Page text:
Panzer Dragoon Orta
Born into a world of dragons and biotechnology, Orta is confined in the prison of a crumbling stone tower. The game opens as a sea of Draonmares turns her prison, and refuge, apart, and a single dragon rescues her from their clutches.
Those of you who owned a Sega Saturn might remember the Panzer Dragoon franchise as a weak sister to the endless stream of first-person shooters that followed. But this latest iteration is a prime example of how a new technology can not only breath life into an old game, but can reinvent it.
Panzer Dragoon Orta is a third-person rail-shooter, and more than likely, most gamers won't have heard of this short-lived sub-genre. Basically it means you have no real control of what direction you are heading. Instead you sit atop a car, train, rail, or, in this case, a dragon, and shoot at stuff like you're in a shooting gallery. This genre disappeared with the advent of the fully controllable first-person shooter. But 's return to the sub-genre is a good thing, because of Sega's approach.
The game plays from a third-person perspective, allowing you to control your dragon's banking movements and speed. It also allows you to control where you are looking, in a 360-degree circle. Put on top of that the fact that you have to duck and weave through the scenery and dodge projectiles and you've got a wonderfully complex game. You'll spend half your time focusing on shooting stuff and the other half figuring out how best to shoot it. You can use Orta's basic gun by tapping the button or a homing laser by holding a button in, painting a couple of targets and letting go. You also have the ability to ram objects with the dragon or launch a special berserk attack. And if that weren't enough options, the game lets you morph your dragon at will into one of three types of mounts. The glide wing is a light dragon with weak weapons but lots of speed. The heavy wing has powerful laser blasts but slow movement and the base wing is a mix of the two. As you go through the game you will also be able to pick up gene bases which power up each of the dragon types to a stronger version of itself.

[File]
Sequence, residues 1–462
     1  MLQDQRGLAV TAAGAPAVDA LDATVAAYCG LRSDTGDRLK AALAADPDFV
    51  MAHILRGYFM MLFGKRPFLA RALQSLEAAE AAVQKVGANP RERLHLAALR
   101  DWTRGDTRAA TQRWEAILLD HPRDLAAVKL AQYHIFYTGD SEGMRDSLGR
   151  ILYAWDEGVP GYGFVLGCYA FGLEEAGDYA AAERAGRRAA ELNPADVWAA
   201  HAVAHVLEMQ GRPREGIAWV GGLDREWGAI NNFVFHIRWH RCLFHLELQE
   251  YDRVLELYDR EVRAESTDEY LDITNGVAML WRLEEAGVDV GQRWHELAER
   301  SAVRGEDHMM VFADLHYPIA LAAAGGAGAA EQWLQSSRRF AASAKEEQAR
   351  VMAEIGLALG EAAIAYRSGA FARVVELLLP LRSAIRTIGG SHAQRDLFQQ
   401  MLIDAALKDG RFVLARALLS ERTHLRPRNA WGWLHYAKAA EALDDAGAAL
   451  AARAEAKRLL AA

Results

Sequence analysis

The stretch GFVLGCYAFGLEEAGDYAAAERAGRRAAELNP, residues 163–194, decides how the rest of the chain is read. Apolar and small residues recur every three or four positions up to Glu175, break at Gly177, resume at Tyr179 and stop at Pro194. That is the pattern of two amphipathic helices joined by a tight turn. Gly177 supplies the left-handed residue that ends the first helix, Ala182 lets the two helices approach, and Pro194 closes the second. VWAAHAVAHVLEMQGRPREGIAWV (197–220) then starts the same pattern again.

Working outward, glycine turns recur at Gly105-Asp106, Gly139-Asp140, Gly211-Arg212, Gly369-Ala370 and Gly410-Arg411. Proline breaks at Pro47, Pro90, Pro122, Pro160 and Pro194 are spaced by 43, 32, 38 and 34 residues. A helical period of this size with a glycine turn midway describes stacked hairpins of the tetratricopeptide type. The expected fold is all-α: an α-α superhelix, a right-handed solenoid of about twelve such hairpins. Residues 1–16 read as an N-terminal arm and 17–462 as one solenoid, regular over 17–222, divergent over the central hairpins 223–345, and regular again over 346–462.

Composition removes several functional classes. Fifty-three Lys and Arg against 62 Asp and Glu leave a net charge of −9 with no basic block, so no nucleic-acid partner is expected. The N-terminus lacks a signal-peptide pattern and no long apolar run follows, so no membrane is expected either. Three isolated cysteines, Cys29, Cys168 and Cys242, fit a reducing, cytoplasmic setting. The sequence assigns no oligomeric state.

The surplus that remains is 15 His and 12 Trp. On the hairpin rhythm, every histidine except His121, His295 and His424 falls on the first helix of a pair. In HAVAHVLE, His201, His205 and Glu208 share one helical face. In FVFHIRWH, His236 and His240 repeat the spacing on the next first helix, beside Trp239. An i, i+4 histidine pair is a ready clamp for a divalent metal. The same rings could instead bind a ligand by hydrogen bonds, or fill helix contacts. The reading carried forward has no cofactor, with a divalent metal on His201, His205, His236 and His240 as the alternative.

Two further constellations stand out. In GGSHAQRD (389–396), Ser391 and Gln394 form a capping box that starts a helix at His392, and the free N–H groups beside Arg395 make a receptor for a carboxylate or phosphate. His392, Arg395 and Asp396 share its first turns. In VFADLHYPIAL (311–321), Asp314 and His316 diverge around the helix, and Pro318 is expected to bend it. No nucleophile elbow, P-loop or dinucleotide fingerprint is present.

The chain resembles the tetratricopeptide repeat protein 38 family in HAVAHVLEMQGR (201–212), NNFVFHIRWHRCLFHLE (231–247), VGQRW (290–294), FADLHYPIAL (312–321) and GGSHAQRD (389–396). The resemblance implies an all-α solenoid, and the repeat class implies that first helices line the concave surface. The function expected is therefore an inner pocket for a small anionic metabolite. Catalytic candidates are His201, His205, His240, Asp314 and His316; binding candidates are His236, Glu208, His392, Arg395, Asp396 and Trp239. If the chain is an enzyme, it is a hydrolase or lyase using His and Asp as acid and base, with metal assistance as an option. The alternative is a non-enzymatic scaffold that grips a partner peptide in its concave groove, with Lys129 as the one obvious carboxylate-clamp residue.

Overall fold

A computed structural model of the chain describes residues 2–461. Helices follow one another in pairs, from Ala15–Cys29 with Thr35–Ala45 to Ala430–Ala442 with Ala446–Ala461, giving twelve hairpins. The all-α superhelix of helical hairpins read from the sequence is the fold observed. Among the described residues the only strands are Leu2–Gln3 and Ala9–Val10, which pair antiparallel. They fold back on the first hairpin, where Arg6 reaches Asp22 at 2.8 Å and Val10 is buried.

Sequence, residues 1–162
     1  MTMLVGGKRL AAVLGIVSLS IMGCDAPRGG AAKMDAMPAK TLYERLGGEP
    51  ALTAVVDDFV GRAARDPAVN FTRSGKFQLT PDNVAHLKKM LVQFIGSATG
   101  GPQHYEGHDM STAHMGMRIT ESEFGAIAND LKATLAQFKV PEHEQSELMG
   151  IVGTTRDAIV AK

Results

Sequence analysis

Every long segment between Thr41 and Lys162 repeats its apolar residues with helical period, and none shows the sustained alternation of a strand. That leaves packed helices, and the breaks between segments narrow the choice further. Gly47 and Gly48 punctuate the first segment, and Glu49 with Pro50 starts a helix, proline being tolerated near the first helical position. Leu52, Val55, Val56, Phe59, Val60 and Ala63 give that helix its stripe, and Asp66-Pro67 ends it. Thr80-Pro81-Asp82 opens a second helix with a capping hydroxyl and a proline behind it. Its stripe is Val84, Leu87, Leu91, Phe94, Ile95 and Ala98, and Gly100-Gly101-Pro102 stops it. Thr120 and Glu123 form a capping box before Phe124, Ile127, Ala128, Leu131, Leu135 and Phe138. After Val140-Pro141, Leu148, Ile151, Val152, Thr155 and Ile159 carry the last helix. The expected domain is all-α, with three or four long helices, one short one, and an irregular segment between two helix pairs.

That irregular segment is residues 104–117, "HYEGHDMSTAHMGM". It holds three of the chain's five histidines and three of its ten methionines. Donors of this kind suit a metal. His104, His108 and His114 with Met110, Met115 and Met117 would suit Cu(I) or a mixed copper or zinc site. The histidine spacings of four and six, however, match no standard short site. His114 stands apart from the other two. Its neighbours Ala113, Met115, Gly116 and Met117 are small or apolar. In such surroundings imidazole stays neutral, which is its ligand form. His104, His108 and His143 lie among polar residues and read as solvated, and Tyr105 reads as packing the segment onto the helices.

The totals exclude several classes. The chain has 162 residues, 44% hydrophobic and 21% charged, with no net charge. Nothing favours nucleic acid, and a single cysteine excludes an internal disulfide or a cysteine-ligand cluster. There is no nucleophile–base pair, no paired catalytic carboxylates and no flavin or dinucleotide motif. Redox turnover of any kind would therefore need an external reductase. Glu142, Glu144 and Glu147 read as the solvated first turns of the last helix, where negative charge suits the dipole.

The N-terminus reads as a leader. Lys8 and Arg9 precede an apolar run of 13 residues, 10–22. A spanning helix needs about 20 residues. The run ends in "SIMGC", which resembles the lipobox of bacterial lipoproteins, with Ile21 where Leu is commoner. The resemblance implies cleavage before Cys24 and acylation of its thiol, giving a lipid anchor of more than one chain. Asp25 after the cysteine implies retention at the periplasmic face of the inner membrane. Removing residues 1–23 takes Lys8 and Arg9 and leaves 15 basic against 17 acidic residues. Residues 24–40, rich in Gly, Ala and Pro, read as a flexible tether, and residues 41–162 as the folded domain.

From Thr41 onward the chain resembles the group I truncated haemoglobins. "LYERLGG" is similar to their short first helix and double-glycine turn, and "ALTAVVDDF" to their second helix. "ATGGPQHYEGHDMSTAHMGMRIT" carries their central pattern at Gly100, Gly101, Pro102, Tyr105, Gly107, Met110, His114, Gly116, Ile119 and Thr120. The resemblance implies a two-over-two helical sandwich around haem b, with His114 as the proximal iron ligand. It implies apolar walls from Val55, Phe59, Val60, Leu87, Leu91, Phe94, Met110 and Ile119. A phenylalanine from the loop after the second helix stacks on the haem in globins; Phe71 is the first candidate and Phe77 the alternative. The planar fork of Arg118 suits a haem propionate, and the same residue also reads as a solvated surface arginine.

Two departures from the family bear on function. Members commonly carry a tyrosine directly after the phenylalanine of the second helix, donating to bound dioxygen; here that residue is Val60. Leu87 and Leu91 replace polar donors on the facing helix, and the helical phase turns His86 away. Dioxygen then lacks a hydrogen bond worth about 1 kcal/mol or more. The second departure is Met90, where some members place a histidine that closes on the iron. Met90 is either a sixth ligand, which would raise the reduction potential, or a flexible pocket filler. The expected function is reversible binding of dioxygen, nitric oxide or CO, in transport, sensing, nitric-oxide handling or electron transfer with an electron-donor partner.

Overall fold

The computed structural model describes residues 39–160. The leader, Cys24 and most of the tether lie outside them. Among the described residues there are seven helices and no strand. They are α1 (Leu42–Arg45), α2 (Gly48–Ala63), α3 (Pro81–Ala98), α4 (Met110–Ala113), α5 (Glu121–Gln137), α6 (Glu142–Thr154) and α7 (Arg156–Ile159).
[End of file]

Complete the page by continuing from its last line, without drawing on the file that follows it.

This game is truly something that could only be on the Xbox. The graphics are beautifully rendered, offering enough scenery to nearly distract from the utter chaos that makes up much of the game and the sound supports Dolby 5.1 which means a surround sound that actually helps you locate enemies in gameplay. If that weren't enough, Orta comes with 10 packed and wildly varying levels and more unlockable extras than you can shake a stick at. It includes a full port of the 1995 Panzer, stand-alone scenarios, a seven-mission side story, and tons of fun little extras like playable characters, artwork and a virtual encyclopedia.
Dragon Panzer Orta has it all. This game is a must have for any Xbox buff.